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Ex-Yu

by Josip Novakovich

In his new book of stories, Josip Novakovich, who was shortlisted for the 2013 Man Booker International Prize, presents a diverse, bracingly eccentric cast of characters. An essayist as well as author of the novel April Fool’s Day and three other story collections, Novakovich made the U.S. his home decades ago; he recently became a Canadian citizen and now lives in Montreal. But his imagined worlds remain fuelled by a powerful connection to his Yugoslav heritage.

Josip Novakovich Ex-Yu October 2015The story “White Moustache” features a boy of 15 who visits a relative known for his reminiscences about the horrors of the Second World War. Uncle Branko offers a rambling yarn that includes spirit visitations, buried bones, and two doomed brothers dragooned by Fascist and Partisan armies. “Honey in the Carcase” fast-forwards to the wars of the 1990s as villagers endure weeks of intermittent shelling. Ivan risks his life to continue caring for his beehives and the precious source of nourishment their stores of honey provide. His wife, Estera, is hit by shrapnel and hovers near death; Ivan’s carpenter brother presents him with a gift of two homemade coffins, “[o]ne for Estera and one for you.” This from a man, Ivan recalls, who once spent his days “making tambourines and singing.” In an arresting final paragraph, the sustaining bees serve as a deadly weapon.

“Dutch Treat” is a standout. In pre-9/11 Manhattan, a former Dutch peacekeeper is recognized by a flower seller, a Bosnian Muslim who knew him during his time with the UN Protection Force in Srebrenica. Novakovich concisely revisits the UN failure that condemned more than 8,000 Muslims to death at the hands of Serb General Ratko Mladic, then ramps up to a smartly plotted, morally intricate take on the relativity of guilt and innocence, culminating with a solid dig at the ethical quagmire of the War on Terror.

Other stories are reminders that untimely death stalks us in peacetime too. In post-Yugoslav Croatia, Davor learns he has lung cancer. When treatment brings a reprieve, a package trip to tourist-crammed Jerusalem boosts his wife’s faith while tipping him into despairing rage. The story takes us deep inside Davor’s inner world, to the very moment of his ungentle death.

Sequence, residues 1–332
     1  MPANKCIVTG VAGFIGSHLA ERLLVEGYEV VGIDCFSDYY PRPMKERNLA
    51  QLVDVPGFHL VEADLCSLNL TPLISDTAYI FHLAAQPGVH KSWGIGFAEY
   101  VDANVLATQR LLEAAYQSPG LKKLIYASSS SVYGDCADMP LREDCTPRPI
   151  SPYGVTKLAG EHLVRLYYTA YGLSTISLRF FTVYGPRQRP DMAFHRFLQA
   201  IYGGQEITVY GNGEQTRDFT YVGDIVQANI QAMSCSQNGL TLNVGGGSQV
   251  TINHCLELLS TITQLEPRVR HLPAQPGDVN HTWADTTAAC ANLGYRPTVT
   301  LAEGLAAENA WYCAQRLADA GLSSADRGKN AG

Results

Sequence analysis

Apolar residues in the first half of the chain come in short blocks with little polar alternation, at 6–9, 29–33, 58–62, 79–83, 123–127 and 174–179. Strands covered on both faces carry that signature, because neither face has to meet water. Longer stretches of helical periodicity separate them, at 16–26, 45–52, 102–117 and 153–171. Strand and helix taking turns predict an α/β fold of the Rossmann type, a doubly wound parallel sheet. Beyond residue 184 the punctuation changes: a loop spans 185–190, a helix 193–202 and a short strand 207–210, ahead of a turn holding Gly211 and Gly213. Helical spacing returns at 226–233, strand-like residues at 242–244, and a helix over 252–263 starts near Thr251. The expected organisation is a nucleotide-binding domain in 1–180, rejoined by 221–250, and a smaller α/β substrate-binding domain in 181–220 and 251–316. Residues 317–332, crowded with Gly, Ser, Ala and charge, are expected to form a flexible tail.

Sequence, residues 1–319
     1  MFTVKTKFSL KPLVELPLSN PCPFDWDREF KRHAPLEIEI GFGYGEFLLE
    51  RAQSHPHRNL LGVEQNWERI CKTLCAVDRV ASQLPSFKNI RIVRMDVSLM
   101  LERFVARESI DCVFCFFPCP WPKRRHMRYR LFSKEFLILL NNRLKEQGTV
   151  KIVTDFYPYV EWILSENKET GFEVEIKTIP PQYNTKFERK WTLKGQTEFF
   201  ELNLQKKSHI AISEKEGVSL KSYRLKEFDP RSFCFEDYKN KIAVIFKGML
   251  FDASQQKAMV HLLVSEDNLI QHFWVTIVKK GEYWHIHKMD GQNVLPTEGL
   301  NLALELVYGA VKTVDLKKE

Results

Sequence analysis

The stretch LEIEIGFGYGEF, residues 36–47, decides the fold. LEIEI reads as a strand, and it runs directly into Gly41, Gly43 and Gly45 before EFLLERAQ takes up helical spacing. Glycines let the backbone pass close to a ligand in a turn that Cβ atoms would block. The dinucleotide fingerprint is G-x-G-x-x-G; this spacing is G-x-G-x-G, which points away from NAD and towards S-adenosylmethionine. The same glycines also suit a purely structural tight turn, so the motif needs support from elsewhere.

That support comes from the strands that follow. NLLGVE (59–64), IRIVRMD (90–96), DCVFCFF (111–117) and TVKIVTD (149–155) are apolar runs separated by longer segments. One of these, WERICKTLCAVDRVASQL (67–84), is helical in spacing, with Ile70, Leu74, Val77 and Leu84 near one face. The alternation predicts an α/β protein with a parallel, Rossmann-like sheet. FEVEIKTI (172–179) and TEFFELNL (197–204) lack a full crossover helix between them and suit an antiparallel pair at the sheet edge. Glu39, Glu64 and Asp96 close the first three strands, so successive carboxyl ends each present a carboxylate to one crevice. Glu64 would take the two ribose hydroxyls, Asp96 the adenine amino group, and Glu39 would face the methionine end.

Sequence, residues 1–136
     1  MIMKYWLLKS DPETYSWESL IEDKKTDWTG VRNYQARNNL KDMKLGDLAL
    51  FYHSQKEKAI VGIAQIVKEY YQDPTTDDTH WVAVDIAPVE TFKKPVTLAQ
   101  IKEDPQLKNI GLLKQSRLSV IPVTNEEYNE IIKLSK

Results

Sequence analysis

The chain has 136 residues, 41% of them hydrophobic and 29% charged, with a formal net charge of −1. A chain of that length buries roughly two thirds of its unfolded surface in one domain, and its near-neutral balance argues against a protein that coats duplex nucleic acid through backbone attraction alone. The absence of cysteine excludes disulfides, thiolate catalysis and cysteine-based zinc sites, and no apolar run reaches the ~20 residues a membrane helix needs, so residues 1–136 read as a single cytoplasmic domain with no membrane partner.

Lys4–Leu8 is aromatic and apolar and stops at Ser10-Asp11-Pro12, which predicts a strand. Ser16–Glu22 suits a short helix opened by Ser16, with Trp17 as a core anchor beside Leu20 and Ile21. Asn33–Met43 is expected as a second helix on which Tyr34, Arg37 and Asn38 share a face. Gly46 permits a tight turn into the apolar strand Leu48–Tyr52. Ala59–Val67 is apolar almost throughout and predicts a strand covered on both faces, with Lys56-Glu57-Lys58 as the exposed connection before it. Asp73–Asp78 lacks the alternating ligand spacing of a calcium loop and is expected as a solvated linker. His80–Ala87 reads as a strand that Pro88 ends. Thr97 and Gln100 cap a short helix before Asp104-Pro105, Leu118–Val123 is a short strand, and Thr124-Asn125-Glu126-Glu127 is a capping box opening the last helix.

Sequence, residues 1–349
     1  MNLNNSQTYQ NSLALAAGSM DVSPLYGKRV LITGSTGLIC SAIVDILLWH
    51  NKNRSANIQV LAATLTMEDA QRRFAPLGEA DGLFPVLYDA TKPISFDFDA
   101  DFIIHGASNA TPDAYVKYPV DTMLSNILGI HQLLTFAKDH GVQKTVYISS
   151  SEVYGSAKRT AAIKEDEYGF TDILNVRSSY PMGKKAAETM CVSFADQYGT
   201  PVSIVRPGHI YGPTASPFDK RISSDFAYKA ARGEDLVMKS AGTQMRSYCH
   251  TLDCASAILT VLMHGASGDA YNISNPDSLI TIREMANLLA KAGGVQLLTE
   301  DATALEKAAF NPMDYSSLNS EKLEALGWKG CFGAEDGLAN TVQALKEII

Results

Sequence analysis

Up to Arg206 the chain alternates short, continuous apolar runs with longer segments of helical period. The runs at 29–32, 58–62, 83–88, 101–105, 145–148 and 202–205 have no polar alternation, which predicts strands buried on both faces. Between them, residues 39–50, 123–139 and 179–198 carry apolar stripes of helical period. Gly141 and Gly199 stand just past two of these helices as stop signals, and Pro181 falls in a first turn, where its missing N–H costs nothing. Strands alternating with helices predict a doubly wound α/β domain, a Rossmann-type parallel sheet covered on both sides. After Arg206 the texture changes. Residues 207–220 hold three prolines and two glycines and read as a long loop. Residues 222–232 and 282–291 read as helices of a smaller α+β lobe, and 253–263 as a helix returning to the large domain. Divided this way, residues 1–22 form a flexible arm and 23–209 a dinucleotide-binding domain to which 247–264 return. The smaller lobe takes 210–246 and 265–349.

Novakovich’s imagination roams freely across the scarred territory of ethnicity. In “Heritage of Smoke,” a Serb refugee dodges NATO bombs in a bleak suburb of Belgrade, where rural Serbs driven out of Croatia are “government ghettoised.” Even menus in the cafés seem intent on erasing his treasured peasant identity.

Slobodan Milosevic gets a ruthlessly barbed parable all his own, set at the war crimes tribunal in the Hague. Arrogant and dangerously hypertensive, his prison musings end abruptly on the floor of his cell. “He heard thunder … guessed that his heart had exploded, and he was right.”

A story of soccer hero worship ends in darkly comedic violence, while another tale expertly fulfills Novakovich’s deep-seated satiric impulse, turning a Tito-era plane hijacking into political vaudeville. In “Remote Love,” inventor Nikola Tesla is delightfully reanimated as a high-voltage sex guru who seduces bored housewives at dinner parties.

One or two entries fall short. In “Acorns,” a Croatian-American journalist on self-
assignment to a Serb-run  prison camp ends up being held and gang raped. After her release, she implausibly encounters the journalist husband she’d left in New York soldiering with a Muslim unit. Together they become warriors for the cause. Filled with battleground action and spikes of atrocity, the story feels stuck between black satire and stark realism.

The book closes with a striking allegory of xenophobia. A Mexican and an American chart a course from California to Peru on a stolen boat. In a gruesome climax, one of them becomes dinner. It’s a spectacular wind-up to a consistently intriguing collection.